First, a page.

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Intraosseous vs Intravenous Access for Cardiac Arrest Treatment

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ClinicalTrials.gov Identifier: NCT02088736
Recruitment Status : Completed
First Posted : March 17, 2014
Last Update Posted : October 28, 2019
Sponsor:
Collaborator:
Singapore Civil Defence Force
Information provided by (Responsible Party):
Singapore General Hospital

Tracking Information
First Submitted Date  ICMJE March 11, 2014
First Posted Date  ICMJE March 17, 2014
Last Update Posted Date October 28, 2019
Actual Study Start Date  ICMJE June 2014
Actual Primary Completion Date January 2017   (Final data collection date for primary outcome measure)
Current Primary Outcome Measures  ICMJE
 (submitted: October 23, 2019)
Any Return of Spontaneous Circulation Rate (ROSC) [ Time Frame: At scene to hospital (about 2 hours) ]
Any ROSC including transient or intermittent during pre- or in-hospital
Original Primary Outcome Measures  ICMJE
 (submitted: March 13, 2014)
Return of Spontaneous Circulation Rate [ Time Frame: monitoring 10mins ]
Change History
Current Secondary Outcome Measures  ICMJE
 (submitted: March 13, 2014)
  • Insertion success rate [ Time Frame: 90 secs ]
  • Number of patients administered 1st dose [ Time Frame: 90 secs ]
  • Survival outcome [ Time Frame: up to 30 days ]
  • Time taken for 1st dose of adrenaline given [ Time Frame: 90 secs ]
Original Secondary Outcome Measures  ICMJE Same as current
Current Other Pre-specified Outcome Measures Not Provided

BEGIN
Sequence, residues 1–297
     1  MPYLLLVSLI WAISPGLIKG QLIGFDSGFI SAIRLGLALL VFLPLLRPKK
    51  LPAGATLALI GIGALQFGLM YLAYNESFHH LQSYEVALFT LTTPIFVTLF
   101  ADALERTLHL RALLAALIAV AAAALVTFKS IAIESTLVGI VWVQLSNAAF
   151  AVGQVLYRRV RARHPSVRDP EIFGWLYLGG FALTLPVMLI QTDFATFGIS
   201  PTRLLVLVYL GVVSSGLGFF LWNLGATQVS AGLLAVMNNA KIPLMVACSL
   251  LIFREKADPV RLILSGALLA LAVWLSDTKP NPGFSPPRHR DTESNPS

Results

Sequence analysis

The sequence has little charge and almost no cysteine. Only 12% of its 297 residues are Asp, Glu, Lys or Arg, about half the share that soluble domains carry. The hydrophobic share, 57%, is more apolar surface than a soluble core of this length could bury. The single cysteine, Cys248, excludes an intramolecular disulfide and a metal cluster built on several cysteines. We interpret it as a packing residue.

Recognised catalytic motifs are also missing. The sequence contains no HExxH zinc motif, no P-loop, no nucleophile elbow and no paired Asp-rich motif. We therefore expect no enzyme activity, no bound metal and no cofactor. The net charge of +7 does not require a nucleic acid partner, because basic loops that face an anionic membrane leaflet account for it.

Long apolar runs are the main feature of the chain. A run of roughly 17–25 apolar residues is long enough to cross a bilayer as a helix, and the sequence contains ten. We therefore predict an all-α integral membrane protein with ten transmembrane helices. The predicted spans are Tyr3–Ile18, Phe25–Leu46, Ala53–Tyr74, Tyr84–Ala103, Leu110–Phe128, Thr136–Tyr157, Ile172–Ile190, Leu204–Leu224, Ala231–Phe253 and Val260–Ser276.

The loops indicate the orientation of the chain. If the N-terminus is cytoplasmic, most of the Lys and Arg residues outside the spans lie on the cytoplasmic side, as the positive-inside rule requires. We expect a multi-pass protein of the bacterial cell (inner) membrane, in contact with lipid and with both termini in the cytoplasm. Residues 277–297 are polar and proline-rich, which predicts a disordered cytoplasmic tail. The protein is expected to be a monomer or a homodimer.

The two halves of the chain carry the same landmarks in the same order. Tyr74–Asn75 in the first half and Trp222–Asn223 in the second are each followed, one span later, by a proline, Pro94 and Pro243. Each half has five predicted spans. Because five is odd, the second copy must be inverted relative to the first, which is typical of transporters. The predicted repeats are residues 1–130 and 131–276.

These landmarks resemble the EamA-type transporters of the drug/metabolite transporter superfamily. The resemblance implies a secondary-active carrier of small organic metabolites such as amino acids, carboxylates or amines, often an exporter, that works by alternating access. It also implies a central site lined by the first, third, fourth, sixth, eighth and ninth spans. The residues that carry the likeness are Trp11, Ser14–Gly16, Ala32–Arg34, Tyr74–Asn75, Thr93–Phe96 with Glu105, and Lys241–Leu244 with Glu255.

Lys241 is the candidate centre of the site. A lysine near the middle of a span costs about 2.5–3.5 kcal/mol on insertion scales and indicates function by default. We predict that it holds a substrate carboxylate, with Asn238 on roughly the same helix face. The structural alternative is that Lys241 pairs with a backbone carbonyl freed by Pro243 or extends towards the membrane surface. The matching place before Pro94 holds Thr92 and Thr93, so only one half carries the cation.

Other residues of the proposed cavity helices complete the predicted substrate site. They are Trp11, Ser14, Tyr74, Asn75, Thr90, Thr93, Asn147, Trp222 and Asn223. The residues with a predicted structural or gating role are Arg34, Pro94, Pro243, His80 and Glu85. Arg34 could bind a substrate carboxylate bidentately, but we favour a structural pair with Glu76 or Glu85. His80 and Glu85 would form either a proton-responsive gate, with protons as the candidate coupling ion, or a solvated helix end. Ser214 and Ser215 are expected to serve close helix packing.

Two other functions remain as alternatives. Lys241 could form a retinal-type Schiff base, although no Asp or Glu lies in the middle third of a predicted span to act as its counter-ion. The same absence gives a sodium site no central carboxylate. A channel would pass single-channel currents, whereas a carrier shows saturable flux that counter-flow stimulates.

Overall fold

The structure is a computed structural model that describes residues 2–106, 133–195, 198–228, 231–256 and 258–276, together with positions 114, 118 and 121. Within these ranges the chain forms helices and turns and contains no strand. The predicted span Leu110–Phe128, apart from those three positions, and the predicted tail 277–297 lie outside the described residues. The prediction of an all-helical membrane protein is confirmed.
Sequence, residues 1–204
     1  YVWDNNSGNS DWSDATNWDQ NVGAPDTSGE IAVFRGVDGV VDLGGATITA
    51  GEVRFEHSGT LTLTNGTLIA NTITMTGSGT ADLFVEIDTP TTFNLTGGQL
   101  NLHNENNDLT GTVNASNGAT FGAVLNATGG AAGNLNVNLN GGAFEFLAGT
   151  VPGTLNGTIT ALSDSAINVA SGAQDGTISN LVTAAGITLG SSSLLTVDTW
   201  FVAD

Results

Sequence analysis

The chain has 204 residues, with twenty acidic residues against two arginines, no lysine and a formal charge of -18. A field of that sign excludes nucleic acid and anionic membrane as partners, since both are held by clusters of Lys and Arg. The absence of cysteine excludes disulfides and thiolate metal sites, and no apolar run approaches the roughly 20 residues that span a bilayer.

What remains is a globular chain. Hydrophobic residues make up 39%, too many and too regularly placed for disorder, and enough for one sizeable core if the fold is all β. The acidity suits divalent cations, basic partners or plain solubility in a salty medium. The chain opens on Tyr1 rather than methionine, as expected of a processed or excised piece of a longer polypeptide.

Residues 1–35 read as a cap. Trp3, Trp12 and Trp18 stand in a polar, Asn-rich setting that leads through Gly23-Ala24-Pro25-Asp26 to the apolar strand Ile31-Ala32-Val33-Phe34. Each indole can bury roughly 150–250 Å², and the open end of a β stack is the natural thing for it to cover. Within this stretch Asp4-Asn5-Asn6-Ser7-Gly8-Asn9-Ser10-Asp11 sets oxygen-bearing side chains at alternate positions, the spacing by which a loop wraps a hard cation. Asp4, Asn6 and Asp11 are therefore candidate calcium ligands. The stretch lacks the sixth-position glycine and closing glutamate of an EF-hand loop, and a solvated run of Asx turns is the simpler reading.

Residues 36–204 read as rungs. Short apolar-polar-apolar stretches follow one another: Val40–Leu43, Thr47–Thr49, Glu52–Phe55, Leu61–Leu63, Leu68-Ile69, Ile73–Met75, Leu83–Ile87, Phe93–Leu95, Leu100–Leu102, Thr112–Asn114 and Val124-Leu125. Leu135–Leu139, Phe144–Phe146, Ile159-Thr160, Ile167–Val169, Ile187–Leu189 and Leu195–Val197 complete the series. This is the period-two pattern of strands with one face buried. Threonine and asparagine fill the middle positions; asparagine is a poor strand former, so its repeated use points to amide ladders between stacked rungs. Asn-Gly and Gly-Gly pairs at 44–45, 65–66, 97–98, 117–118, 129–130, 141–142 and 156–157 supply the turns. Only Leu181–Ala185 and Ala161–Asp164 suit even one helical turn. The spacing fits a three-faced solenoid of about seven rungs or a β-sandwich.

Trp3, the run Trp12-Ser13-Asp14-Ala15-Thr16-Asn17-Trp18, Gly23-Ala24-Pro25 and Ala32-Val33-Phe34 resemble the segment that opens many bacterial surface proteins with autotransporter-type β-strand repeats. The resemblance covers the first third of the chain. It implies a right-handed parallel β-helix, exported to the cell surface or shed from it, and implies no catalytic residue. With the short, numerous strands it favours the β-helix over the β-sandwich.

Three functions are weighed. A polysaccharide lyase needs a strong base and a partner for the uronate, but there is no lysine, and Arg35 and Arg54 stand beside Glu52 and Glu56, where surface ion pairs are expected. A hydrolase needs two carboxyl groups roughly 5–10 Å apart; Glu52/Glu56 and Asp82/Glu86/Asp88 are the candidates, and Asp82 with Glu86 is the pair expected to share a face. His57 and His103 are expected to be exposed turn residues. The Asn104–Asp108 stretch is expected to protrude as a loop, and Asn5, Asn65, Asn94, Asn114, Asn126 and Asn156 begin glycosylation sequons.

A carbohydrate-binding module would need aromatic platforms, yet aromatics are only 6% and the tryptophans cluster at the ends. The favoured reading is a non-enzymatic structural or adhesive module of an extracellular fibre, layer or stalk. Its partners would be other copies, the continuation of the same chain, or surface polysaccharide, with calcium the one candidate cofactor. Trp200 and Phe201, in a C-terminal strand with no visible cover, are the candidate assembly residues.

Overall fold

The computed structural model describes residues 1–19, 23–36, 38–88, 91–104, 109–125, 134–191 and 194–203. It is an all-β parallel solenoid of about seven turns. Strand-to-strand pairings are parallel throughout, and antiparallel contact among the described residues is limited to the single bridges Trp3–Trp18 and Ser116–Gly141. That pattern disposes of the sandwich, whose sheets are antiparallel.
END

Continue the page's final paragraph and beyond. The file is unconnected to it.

Original Other Pre-specified Outcome Measures Not Provided
 
Descriptive Information
Brief Title  ICMJE Intraosseous vs Intravenous Access for Cardiac Arrest Treatment
Official Title  ICMJE Clinical Evaluation of Intraosseous and Intravenous Access for Cardiac Arrest Treatment in Emergency Ambulances In Singapore
Brief Summary

In patients with out-of-hospital cardiac arrest in Singapore, investigators aim to assess the benefit of introducing a resuscitation protocol including the use of intravenous (IV) access and/or intraosseous (IO) vascular access in the pre-hospital setting.

The assumption is that low vascular access rates could be due to difficulty of setting IV cannulas in the field due to certain factors like poor lighting or space constraints. Thus, by introducing a protocol including IO access for difficult IV cases, success rates for vascular access will be higher and this might lead to higher survival rates.

This will be a study comparing 'IV+IO' and 'IV alone' protocols in patients with cardiac arrest managed by Singapore Civil Defence Force (SCDF) emergency ambulance service. The trial will recruit 400 patients over 1 year. Each of the 30 SCDF ambulances will provide both 'IV+IO' and 'IV alone' treatments in 2 consecutive phases of 6-months in order to allow for all ambulance crew a chance to be trained on usage of IO. Currently, IO insertion is the accepted standard of care in Singapore General Hospital, Department of Emergency Medicine.

Detailed Description

Primary objectives:

In adult and paediatric patients with Out-of-Hospital Cardiac Arrest (OHCA) in Singapore, investigators aim to evaluate the incremental benefit of introducing a resuscitation protocol including the use of intravenous (IV) access and/or intraosseous (IO) vascular access compared to protocols with only intravenous (IV) access by SCDF paramedics in the pre-hospital setting on the return of spontaneous circulation (ROSC) rates.

Secondary Objective:

  • To compare the success rates of vascular access with IV access and/or IO insertion compared to that with intravenous (IV) access alone by SCDF paramedics in the pre-hospital setting.